Cyclist and pedestrian fatalities soared in 2018

North Carolina residents may have heard that the number of road users killed around the country fell slightly in 2018, but pedestrian and cyclist deaths rose sharply. Data released by the National Highway Traffic Administration reveals that 36,560 people died on the nation's roads in 2018, which represents a 2% decline over grim 2017 figures. However, pedestrian deaths rose by 3% to 6,283 and cyclist fatalities increased by 6% to 857.

The worrying pedestrian and cyclist fatality figures are likely to increase calls for more thorough crash-test standards. Accident survivability tests are currently not as rigorous in the United States as they are in Europe. NHTSA says that it plans to publish a proposed update to its crash-test standards in 2020 that will better determine how vulnerable road users like pedestrians, cyclists and motorcyclists would fare in an accident. Updates the agency is said to be pushing for include formal ratings for pedestrian detection and emergency braking systems.

Vehicle crashes are a major cause of brain injuries

If you are a football fan, you have no doubt seen a player leave the game with a concussion, and you may think that brain injuries most often occur to athletes.

However, vehicle crashes and falls are the two most common causes of traumatic brain injury, or TBI. The traffic accident need not even be a major crash, just a rear-end collision.

Latest motorcycle accident moves SC death toll over 100 this year

While accidents happen simple because it was an accident, others are caused due to negligence. South Carolina has not had a great year when it comes to the number of motorcycle accident related deaths. A recent crash that happened on a Midlands road became the 102nd death this year involving a motorcyclist or moped driver. The state had only 88 of those same death in the entire year of 2018.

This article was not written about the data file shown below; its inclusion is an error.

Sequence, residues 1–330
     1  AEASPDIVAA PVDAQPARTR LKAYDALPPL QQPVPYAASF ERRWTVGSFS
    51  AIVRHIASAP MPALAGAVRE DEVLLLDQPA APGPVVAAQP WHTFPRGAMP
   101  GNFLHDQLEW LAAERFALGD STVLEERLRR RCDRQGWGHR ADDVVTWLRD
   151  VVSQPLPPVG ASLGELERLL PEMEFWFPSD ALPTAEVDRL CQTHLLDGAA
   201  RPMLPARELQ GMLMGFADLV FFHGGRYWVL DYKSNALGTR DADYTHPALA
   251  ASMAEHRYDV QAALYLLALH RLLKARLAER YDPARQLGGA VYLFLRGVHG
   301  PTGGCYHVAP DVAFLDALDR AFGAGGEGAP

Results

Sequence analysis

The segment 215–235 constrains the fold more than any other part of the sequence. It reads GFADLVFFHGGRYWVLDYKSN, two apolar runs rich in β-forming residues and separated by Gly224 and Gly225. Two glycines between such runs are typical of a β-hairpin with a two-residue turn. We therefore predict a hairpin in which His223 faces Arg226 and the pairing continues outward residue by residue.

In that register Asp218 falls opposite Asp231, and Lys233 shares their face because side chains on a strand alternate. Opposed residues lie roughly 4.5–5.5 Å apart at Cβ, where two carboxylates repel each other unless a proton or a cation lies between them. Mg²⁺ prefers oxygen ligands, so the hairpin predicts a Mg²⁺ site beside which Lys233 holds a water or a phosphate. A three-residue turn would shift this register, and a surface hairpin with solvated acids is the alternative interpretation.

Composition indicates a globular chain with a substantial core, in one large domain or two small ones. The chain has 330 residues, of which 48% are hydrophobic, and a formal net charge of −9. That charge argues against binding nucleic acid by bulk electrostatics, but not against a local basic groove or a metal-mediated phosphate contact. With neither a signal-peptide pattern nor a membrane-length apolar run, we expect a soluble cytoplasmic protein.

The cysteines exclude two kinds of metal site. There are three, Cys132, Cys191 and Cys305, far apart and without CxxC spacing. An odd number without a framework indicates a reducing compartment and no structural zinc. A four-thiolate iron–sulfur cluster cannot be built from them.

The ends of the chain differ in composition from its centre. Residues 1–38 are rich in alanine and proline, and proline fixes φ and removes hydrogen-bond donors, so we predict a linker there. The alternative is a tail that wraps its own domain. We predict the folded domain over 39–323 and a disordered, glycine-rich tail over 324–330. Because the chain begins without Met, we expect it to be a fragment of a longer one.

In the most recent accident, the rider of a 2000 Honda motorcycle struck a 2007 Ford Edge at approximately 4:15 p.m. on Sprinkle Avenue in Orangeburg County. While making a left turn, the north bound vehicle was struck by the South bound motorcycle. The rider was not wearing a helmet and was pronounced dead at the scene. Both parties in the vehicle were uninjured. The accident is still under investigation. It remains unknown whether criminal charges, such as drunk or distracted driving, are possible.

Stray bullet strikes bystander after fight in uptown Charlotte

A tragic incident can strike at any moment. This can cause many unsuspecting individuals to suffer grat harm. This can leave them feeling overwhelmed and confused, unsure about what they can do. In some cases legal courses may be available.

A fight broke out in uptown Charlotte near Trade and College streets recently. The suspects began shooting, and a stray bullet struck an innocent man standing nearby. Approximately an hour earlier, a three-alarm fire was reported at a nearby uptown restaurant in a high-rise building. Due to that fire, the occupants of the high-rise had been evacuated, and the streets were very crowded with people.

Girlfriend of NFL player killed while standing on side of I-90

Because of their size and strength, professional athletes, especially football players, often appear to be immortal. Sometimes, this image of immortality extends to their families or girlfriends. When death or serious injury strikes one of these elite people, the reaction can be intense grief mixed with disbelief. These emotions were on the loose recently after the girlfriend of Cleveland Browns player Chris Smith was struck and killed by a car while she was standing on the shoulder of I-90.

Both Smith and the woman were residents of Charlotte, and she had flown to Cleveland to watch her boyfriend perform as a member of the Cleveland Browns. The two were traveling west on I-90 when one of the tires on Smith's Lamborghini suddenly deflated and caused the vehicle to strike the retaining wall. Smith stopped the car, and he and the woman got out to inspect the damage. While the woman was standing on the shoulder of the freeway, she was struck and killed by a Mazda heading west on I-90.